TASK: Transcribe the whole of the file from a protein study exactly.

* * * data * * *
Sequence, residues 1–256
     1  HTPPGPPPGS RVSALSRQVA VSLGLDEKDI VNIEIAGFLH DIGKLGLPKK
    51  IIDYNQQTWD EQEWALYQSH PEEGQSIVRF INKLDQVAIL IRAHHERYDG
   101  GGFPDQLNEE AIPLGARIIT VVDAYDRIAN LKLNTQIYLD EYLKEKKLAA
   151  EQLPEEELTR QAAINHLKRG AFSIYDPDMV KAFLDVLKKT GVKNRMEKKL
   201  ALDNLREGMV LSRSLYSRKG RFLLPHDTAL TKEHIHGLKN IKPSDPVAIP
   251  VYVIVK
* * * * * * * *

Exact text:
Sequence, residues 1–256
     1  HTPPGPPPGS RVSALSRQVA VSLGLDEKDI VNIEIAGFLH DIGKLGLPKK
    51  IIDYNQQTWD EQEWALYQSH PEEGQSIVRF INKLDQVAIL IRAHHERYDG
   101  GGFPDQLNEE AIPLGARIIT VVDAYDRIAN LKLNTQIYLD EYLKEKKLAA
   151  EQLPEEELTR QAAINHLKRG AFSIYDPDMV KAFLDVLKKT GVKNRMEKKL
   201  ALDNLREGMV LSRSLYSRKG RFLLPHDTAL TKEHIHGLKN IKPSDPVAIP
   251  VYVIVK